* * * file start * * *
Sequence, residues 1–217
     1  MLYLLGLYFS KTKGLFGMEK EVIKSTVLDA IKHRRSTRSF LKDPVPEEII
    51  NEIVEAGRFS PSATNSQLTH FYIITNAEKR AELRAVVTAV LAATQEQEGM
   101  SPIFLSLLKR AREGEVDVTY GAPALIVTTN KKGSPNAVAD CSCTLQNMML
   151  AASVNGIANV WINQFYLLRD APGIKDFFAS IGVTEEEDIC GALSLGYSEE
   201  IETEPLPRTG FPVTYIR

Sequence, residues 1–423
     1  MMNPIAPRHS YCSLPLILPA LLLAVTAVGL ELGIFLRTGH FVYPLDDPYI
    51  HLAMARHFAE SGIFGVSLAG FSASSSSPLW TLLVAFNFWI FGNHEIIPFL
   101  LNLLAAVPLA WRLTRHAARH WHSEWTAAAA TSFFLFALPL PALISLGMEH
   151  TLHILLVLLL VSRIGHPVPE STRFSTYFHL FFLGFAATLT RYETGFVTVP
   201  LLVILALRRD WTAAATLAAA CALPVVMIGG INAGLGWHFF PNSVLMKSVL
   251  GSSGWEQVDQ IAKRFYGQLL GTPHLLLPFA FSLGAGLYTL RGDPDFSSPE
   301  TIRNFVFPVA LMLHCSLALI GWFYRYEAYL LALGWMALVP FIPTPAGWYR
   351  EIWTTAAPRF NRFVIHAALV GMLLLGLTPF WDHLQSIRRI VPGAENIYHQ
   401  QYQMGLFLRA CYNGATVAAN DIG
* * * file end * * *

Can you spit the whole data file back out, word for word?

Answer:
Sequence, residues 1–217
     1  MLYLLGLYFS KTKGLFGMEK EVIKSTVLDA IKHRRSTRSF LKDPVPEEII
    51  NEIVEAGRFS PSATNSQLTH FYIITNAEKR AELRAVVTAV LAATQEQEGM
   101  SPIFLSLLKR AREGEVDVTY GAPALIVTTN KKGSPNAVAD CSCTLQNMML
   151  AASVNGIANV WINQFYLLRD APGIKDFFAS IGVTEEEDIC GALSLGYSEE
   201  IETEPLPRTG FPVTYIR

Sequence, residues 1–423
     1  MMNPIAPRHS YCSLPLILPA LLLAVTAVGL ELGIFLRTGH FVYPLDDPYI
    51  HLAMARHFAE SGIFGVSLAG FSASSSSPLW TLLVAFNFWI FGNHEIIPFL
   101  LNLLAAVPLA WRLTRHAARH WHSEWTAAAA TSFFLFALPL PALISLGMEH
   151  TLHILLVLLL VSRIGHPVPE STRFSTYFHL FFLGFAATLT RYETGFVTVP
   201  LLVILALRRD WTAAATLAAA CALPVVMIGG INAGLGWHFF PNSVLMKSVL
   251  GSSGWEQVDQ IAKRFYGQLL GTPHLLLPFA FSLGAGLYTL RGDPDFSSPE
   301  TIRNFVFPVA LMLHCSLALI GWFYRYEAYL LALGWMALVP FIPTPAGWYR
   351  EIWTTAAPRF NRFVIHAALV GMLLLGLTPF WDHLQSIRRI VPGAENIYHQ
   401  QYQMGLFLRA CYNGATVAAN DIG